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Where it's the case, a factory is a good option to CREATE entities. But here I want to RESTORE and that's the repository responsibility. I don't think a factory should restore an entity. There are several ways to do restoration and currently I'm preferring a static factory method from the Entity itself. –  MikeSW Jul 23 '12 at 17:44
    
Actually, the repository delegates the work to the factory (you need an instance too if you want to restore an object). If you would be doing CQRS, the repository will probably delegate the work to something that replays the domain events on that object. Repositories are just a collection for keeping a list of the roots of your aggregate. In your case, the repository will have several different responsibilities (i.e. reasons to change). That being said, most people already use NHibernate; that makes having a repository unnecessary –  Jeroen Jul 24 '12 at 7:50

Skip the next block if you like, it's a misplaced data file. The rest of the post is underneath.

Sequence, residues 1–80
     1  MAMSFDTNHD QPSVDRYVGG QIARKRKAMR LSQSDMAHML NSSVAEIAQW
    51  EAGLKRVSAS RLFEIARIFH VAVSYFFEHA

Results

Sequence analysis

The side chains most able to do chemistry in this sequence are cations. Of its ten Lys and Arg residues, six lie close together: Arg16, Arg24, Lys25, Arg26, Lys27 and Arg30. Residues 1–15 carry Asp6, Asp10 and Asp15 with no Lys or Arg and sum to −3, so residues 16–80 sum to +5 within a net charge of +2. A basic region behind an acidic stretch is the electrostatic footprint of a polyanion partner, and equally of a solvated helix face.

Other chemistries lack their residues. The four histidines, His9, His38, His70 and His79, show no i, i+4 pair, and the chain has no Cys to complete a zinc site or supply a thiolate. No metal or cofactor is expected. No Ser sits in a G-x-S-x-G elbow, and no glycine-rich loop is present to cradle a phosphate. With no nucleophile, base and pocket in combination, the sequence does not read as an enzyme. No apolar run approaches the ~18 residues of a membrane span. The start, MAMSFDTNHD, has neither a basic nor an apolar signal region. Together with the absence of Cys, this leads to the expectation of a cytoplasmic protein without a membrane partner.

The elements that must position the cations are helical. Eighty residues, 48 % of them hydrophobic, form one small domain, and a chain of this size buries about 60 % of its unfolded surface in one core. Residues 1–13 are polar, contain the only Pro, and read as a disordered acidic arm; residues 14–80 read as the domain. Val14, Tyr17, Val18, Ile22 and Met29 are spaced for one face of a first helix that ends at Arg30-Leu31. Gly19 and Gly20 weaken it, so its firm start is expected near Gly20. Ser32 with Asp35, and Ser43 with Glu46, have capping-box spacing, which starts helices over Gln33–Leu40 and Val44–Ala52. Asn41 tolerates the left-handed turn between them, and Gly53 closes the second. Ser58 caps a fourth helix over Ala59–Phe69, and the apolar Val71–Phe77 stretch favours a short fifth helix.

I disagree. The repo may delegate the work to a factory, but I don't see why a factory should handle restoring which is a persistence concept. At most , a factory method on the object (or event in the constructor) which will re create the object, given a state or a stream of events. Repository are VIEWED as a collection, they are a facade, and they do much more than being a simple list. An ORM is an implementation detail of DAL and can be used by a repository but that's it. NH handles persistence model, the repository returns domain objects. DIfferent responsibilities. –  MikeSW Jul 24 '12 at 13:19
    
The role of a factory is to replace a constructor call. It has nothing to do with it being already persisted or not. I don't agree with your statement that an ORM is an implementation detail. It isn't a lightweight library, but a very heavy one with a lot of consequences on your application. You should do whatever makes most sense to you and your team. For me, personally, I think DDD is overrated anyway. –  Jeroen Jul 25 '12 at 10:28